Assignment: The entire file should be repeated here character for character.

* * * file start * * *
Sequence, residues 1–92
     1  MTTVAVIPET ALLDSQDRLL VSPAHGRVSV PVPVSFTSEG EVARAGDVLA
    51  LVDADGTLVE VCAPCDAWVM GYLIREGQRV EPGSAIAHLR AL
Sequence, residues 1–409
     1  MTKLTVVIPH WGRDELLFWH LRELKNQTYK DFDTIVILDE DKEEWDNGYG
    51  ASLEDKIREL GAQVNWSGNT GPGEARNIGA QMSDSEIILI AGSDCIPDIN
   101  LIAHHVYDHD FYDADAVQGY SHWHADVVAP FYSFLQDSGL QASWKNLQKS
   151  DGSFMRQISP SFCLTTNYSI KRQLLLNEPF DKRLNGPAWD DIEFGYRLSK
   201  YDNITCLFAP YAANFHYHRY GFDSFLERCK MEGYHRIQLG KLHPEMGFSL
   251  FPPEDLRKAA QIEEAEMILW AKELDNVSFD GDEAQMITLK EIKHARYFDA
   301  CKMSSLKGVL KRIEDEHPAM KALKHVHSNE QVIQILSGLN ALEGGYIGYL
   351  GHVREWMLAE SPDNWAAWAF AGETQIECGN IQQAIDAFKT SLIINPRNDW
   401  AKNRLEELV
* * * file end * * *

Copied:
Sequence, residues 1–92
     1  MTTVAVIPET ALLDSQDRLL VSPAHGRVSV PVPVSFTSEG EVARAGDVLA
    51  LVDADGTLVE VCAPCDAWVM GYLIREGQRV EPGSAIAHLR AL
Sequence, residues 1–409
     1  MTKLTVVIPH WGRDELLFWH LRELKNQTYK DFDTIVILDE DKEEWDNGYG
    51  ASLEDKIREL GAQVNWSGNT GPGEARNIGA QMSDSEIILI AGSDCIPDIN
   101  LIAHHVYDHD FYDADAVQGY SHWHADVVAP FYSFLQDSGL QASWKNLQKS
   151  DGSFMRQISP SFCLTTNYSI KRQLLLNEPF DKRLNGPAWD DIEFGYRLSK
   201  YDNITCLFAP YAANFHYHRY GFDSFLERCK MEGYHRIQLG KLHPEMGFSL
   251  FPPEDLRKAA QIEEAEMILW AKELDNVSFD GDEAQMITLK EIKHARYFDA
   301  CKMSSLKGVL KRIEDEHPAM KALKHVHSNE QVIQILSGLN ALEGGYIGYL
   351  GHVREWMLAE SPDNWAAWAF AGETQIECGN IQQAIDAFKT SLIINPRNDW
   401  AKNRLEELV